The area where freedoms are tested is when a free press comes face to face with cultural sensitivities and subjects that may offend someone, he indicated. He currently is the cultural editor of the Jyllands-Posten.
In the following months, protests erupted around the world as Danish embassies were attacked in Syria, Lebanon and Iran. More than 100 people died. Death threats were made against Rose and some of the cartoonists featured in the article.
But Rose got a mixed reception when he spoke to about 100 Stanford students Wednesday night in a high-security presentation.
To some Stanford students, the Danish cartoons do not represent free speech.
"Hate speech is not free speech," a sign brandished by a protestor outside the meeting read.
According to Jennifer Chernick, president of Students for an Open Society, the discussion was not open to the public without advanced clearance because Stanford administrators had security concerns.
Rose was introduced by Pulitzer Prize-winning reporter Joel Brinkley, and then spoke at length before answering questions about the controversial publication.
The cartoons, one of which depicts the prophet with a bomb in his turban, were commissioned after a series of events in Denmark and Europe that Rose considered to be disturbing examples of self-censorship.
Rose cited a case where a Danish comedian said in a September 2005 interview with the Jyllands-Posten that he didn't worry about making fun of the Bible but that he wouldn't dare make fun of the Koran.
A Danish children's author was unable to find an artist to illustrate a book about the life of the prophet, and museums in Sweden and the United Kingdom removed art pieces that contained Islamic imagery, Rose noted.
For Rose, who studied Russian language at the University of Copenhagen, these events were reminiscent of the self-censorship he had witnessed as a foreign correspondent to the former Soviet Union.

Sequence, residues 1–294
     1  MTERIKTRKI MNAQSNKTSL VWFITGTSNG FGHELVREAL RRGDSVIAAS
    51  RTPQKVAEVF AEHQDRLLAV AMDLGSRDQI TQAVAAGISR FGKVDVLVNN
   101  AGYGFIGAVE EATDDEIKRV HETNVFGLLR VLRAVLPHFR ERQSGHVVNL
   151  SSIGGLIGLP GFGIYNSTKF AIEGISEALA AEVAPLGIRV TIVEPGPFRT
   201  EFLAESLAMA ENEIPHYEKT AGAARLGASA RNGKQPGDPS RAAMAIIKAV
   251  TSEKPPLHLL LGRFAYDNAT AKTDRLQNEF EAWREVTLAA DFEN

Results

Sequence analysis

"I felt offended or provoked by the fact that people were submitting themselves to self-censorship when dealing with Islam," Rose said. "I found that quite disturbing."
The cartoonists were asked to "draw the prophet as they saw him." Not all the cartoonists focused on Muhammad, however. One drawing makes fun of the editorial staff of the Jyllands-Posten, while another shows a Danish anti-immigration politician in a line-up of criminals.
The Jyllands-Posten did not publish the cartoons immediately. Instead, Rose wanted to ensure that the story had journalistic merit.
"I was not so much concerned with possible reactions," Rose said. "I was concerned with: 'Do we have a story or not?'"
Ultimately, the Jyllands-Posten decided to publish the story.
"You could see that there was a broader trend, and that's why we decided to go ahead," Rose said. "The point was to see if there was self-censorship on the part of the cartoonists. We asked them not only to talk the talk, but walk the walk."
Rose repeatedly reemphasized his commitment to free speech throughout the evening, a commitment he said should extend to even the smallest communities.
"To me, this has become very clear: in an increasingly globalized world, it's hard to separate the local from the international," he said. "I think it's an unfortunate feature of our time that you can intimidate free speech by saying that you are offended."
But for some students, that was not a good reason to print offensive imagery. One student asked how Rose would feel if someone publicly insulted his father. Another student left immediately after asking a question, without waiting for a response. Laughter broke out around the room as Rose remarked, "Quite a discussion we're having."
For the most part the debate was serious and personal. Rose defended his decision to publish the cartoons throughout the public discussion, but afterwards quietly told a Muslim student that he was sorry he had been offended.
But at the end of the evening, people with different perspectives seemed to agree that the dialogue itself was most important.
"It's very important to debate people with whom you disagree," Rose said. "The way you can really move things is by engaging in debates. When you sit face to face with people, you start to see them as human beings."
This story contains 770 words.
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